What is The Best Kitty Litter?
What is the best kitty litter? Do you know how to choose the right cat litter for your pet?
As a vet, one question I commonly get asked is: "What is the best material to use for cat litter?" There are a number of cat litter materials on the market to choose from, with different benefits and drawbacks.
Here are some common types of kitty litter:
Non-clumping clay litter: This is the type you don't scoop – just fill the litter box and change the entire box when it gets dirty. This can be anywhere from one to several times a week, depending on how many cats you have and how many boxes are available for them to use.
Clumping clay litter: this type of litter clumps when it gets wet, making it easy to scoop out soiled litter. Clumping clay litter should be scooped daily and changed completely at least once a month. These litters are convenient and very popular (approximately 80% to 85% of all litters purchased are scoopable litters). They can also be very heavy, dusty, and smell bad if not cleaned regularly.
Pine: a natural litter derived from biodegradable pine wood, this is an Earth-friendly option for cat lovers. Lightweight and pleasant-smelling, some types of pine litter clump while others require cleaning of the entire litter box. Although less dusty than clay litters, it also tends to be more expensive.
Corn and Wheat: another popular alternative to clay, corn- and wheat-based litters are often flushable and biodegradable. They are slightly heavier than wood-based litters and come in small grains similar to rice or cereal. Some types clump slightly when wet but typically must be cleaned like non-clumping litter. Natural litters may have a distinct smell and frequently track easily, but are a good alternative to cats who cannot handle the dust or clumping properties of clay-based litters. Waste can also be flushed safely down most toilets rather than bagged or put in garbage cans.
Newspaper based litter: when traditional litters are yesterday's news, paper-based litters can be a good option. These are recycled from newspaper and come in pellet and granule form. Some formulas are very low in dust and most biodegrade easily after use. However, many do not contain odor-resistant materials and have poor clumping qualities. They also tend to be more expensive than clay litters. Paper-based litters are recommended for cats recovering from surgery.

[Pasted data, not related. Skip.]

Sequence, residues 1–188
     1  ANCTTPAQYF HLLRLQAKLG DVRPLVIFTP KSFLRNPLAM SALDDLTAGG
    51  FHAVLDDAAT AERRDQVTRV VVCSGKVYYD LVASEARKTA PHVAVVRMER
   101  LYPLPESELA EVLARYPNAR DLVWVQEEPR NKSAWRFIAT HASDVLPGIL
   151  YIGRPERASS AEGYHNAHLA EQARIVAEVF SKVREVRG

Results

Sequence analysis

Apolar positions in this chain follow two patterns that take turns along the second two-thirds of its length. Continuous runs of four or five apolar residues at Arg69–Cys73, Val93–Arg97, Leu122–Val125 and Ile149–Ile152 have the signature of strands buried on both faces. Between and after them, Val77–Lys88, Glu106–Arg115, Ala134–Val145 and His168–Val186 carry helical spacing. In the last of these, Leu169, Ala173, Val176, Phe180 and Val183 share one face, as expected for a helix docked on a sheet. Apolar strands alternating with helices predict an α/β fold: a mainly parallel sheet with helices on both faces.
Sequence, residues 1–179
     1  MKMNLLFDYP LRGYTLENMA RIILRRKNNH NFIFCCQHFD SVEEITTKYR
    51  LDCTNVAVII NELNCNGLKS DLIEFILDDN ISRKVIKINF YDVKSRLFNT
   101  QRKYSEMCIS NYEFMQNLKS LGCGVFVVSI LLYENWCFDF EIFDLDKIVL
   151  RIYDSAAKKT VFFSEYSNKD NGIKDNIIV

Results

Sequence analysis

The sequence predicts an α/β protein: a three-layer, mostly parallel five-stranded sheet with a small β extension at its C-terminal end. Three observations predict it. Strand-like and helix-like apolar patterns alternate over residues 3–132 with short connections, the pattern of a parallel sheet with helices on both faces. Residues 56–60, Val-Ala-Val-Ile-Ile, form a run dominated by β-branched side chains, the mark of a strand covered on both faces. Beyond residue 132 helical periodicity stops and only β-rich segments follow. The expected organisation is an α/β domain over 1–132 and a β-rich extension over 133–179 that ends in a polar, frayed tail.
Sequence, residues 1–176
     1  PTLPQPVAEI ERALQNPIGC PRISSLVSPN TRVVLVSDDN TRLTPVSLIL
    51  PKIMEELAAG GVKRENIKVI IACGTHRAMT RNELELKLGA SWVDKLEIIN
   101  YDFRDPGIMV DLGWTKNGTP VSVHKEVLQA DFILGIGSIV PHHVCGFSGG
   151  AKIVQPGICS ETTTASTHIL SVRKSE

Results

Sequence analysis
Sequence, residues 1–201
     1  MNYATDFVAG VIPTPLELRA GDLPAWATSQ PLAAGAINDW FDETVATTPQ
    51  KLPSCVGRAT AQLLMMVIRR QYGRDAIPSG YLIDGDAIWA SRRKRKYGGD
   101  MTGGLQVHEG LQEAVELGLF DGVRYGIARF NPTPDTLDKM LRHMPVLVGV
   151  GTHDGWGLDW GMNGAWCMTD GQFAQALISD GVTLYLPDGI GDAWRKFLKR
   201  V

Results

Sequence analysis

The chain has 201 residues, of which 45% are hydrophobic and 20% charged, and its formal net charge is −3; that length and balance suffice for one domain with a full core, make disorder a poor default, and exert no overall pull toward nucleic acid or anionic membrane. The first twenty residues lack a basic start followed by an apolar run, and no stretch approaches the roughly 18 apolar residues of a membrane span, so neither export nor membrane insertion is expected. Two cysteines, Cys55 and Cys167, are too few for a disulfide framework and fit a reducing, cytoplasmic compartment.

Silica: These litters have become increasingly popular for their exceptional odor control, light weight, and ease of use. Silica is a natural product which resembles small white or clear crystals or beads. This type of litter absorbs a large amount of moisture and can be used for 3 to 4 weeks before needing to be changed. Some types of silica litter contain a moderate amount of dust but others come in low-dust formulas. Drawbacks include silica litter's tendency toward tracking and higher price tag.
KEY POINT- Some cats like certain litters and hate others. No two cats are exactly alike. These recommendations give you an idea of what many cats prefer but remember: the best cat litter for your cat is one that he or she likes!
Questions to consider about your and your cat's litter preference:
• Does your cat prefer fine sand or chunky pellets?
• Do you prefer clumping or non-clumping litter?
• Do you prefer a litter that's ecologically friendly?
• Is tracking or odor control a big concern?
Choosing the Best Cat Litter
What is the best cat litter? If you ask most veterinarians it is an unscented scoopable litter such as a clay-based clumping litter. Humans like easily scooped litters that don't track and aren't dusty. Many cats are repulsed by the perfumed scents. The scents are made for people – not for cats.
KEY POINT: Once you find a litter your cat likes, stick with it. Don't buy whatever is on sale this week. Cats are very particular and litter changes can lead to unwelcome modifications in bathroom habits.
I hope this helps you find the best kitty litter for your cat.